The following sample output shows how to verify the configuration of continue clauses using the show route-map command. The output displays configured route maps including the match, set, and continue clauses.

    Device# show route-map
    
    route-map MARKETING, permit, sequence 10
      Match clauses:
        ip address (access-lists): 1 
        metric 10 
      Continue: sequence 40
      Set clauses:
        as-path prepend 10
      Policy routing matches: 0 packets, 0 bytes
    route-map MARKETING, permit, sequence 20
      Match clauses:
        ip address (access-lists): 2 
        metric 20 
      Set clauses:
        as-path prepend 10 10
      Policy routing matches: 0 packets, 0 bytes
    route-map MARKETING, permit, sequence 30
      Match clauses:
      Continue: to next entry 40
      Set clauses:
        as-path prepend 10 10 10
      Policy routing matches: 0 packets, 0 bytes
    route-map MARKETING, permit, sequence 40
      Match clauses:
        community (community-list filter): 10:1 
      Set clauses:
        local-preference 104
      Policy routing matches: 0 packets, 0 bytes
    route-map MKTG-POLICY-MAP, permit, sequence 10
      Match clauses:
      Set clauses:
        community 655370
      Policy routing matches: 0 packets, 0 bytes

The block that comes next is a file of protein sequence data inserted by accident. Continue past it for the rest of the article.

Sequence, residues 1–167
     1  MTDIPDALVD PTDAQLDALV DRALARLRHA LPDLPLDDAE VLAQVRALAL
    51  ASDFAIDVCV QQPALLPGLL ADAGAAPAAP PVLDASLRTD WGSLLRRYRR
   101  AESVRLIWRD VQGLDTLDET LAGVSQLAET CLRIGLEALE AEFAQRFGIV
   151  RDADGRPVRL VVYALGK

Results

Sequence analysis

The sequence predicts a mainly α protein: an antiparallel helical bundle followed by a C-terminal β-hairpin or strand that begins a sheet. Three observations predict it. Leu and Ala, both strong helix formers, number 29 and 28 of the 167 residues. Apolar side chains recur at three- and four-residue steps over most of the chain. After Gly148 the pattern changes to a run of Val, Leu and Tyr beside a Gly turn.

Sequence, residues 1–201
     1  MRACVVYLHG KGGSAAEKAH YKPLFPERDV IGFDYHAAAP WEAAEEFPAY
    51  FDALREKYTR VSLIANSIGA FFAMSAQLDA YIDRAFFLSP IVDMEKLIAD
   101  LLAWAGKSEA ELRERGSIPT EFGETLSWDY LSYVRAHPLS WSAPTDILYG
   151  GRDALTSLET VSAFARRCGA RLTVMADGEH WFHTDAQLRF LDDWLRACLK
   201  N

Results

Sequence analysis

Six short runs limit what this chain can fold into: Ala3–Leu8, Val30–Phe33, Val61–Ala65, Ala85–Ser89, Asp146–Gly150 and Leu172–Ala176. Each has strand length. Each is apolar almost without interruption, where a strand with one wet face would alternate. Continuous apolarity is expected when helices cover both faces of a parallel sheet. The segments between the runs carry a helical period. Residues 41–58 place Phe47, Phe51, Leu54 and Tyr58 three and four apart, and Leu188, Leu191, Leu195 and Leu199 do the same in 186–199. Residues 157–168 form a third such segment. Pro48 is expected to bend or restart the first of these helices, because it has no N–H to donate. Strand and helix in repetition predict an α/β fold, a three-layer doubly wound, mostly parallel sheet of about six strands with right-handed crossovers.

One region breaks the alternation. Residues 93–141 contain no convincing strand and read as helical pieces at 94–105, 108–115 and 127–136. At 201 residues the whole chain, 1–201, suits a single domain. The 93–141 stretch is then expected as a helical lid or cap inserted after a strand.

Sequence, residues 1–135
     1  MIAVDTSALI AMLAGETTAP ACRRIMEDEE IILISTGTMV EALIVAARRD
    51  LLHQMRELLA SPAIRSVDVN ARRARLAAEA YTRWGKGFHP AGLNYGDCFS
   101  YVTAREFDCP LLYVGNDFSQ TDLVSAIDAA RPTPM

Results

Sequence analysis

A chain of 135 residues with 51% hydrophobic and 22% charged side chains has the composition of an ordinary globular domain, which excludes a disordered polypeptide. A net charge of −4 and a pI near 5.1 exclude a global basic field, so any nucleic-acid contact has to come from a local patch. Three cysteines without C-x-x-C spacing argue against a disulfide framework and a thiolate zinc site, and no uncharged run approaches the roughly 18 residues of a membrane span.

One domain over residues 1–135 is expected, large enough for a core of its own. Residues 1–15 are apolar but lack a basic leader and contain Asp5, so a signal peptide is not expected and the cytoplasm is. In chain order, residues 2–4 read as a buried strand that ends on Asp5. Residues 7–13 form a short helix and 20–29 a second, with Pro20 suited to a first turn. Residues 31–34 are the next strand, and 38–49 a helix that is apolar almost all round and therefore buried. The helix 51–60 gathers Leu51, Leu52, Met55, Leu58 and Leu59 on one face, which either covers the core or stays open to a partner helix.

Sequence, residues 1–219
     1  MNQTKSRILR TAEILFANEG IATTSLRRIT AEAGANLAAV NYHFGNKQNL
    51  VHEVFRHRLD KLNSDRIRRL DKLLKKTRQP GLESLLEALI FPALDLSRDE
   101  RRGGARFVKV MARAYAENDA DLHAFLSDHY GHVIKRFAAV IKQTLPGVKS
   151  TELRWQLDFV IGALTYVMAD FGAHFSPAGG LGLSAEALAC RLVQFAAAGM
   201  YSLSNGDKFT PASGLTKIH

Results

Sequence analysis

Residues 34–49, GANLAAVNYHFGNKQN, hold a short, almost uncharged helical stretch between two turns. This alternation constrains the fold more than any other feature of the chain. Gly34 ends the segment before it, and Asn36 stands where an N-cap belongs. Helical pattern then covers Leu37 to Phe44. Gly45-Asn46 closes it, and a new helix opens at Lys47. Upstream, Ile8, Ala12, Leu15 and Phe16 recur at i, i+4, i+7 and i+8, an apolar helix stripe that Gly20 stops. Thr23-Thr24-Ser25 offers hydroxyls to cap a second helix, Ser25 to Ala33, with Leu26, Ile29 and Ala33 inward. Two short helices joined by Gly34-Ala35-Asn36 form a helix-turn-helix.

Configuration Examples for BGP Route-Map Continue Support for Outbound Policy

    Examples: Filtering Traffic Using Continue Clauses in a BGP Route Map

    The following example shows continue clause configuration in a route map sequence.

    The first continue clause in route map entry 10 indicates that the route map will go to route map entry 30 if a successful matches occurs. If a match does not occur, the route map will “fall through” to route map entry 20. If a successful match occurs in route map entry 20, the set action will be executed and the route map will not evaluate any additional route map entries. Only the first successful match ip address clause is supported.

    If a successful match does not occur in route map entry 20, the route map will fall through to route map entry 30. This sequence does not contain a match clause, so the set clause will be automatically executed and the continue clause will go to the next route map entry because a sequence number is not specified.

    If there are no successful matches, the route map will fall through to route map entry 30 and execute the set clause. A sequence number is not specified for the continue clause, so route map entry 40 will be evaluated.

    There are two behaviors that can occur when the same set command is repeated in subsequent continue clause entries. For set commands that configure an additive or accumulative value (for example, set community additive, set extended community additive, and set as-path prepend), subsequent values are added by subsequent entries. The following example illustrates this behavior. After each set of match clauses, a set as-path prepend command is configured to add an autonomous system number to the as-path. After a match occurs, the route map stops evaluating match clauses and starts executing the set clauses, in the order in which they were configured. Depending on the number of successful match clauses, the as-path is prepended by one, two, or three autonomous system numbers.

    route-map ROUTE-MAP-NAME permit 10
     match ip address 1
     match metric 10
     set as-path prepend 10
     continue 30
     !
    route-map ROUTE-MAP-NAME permit 20
     match ip address 2
     match metric 20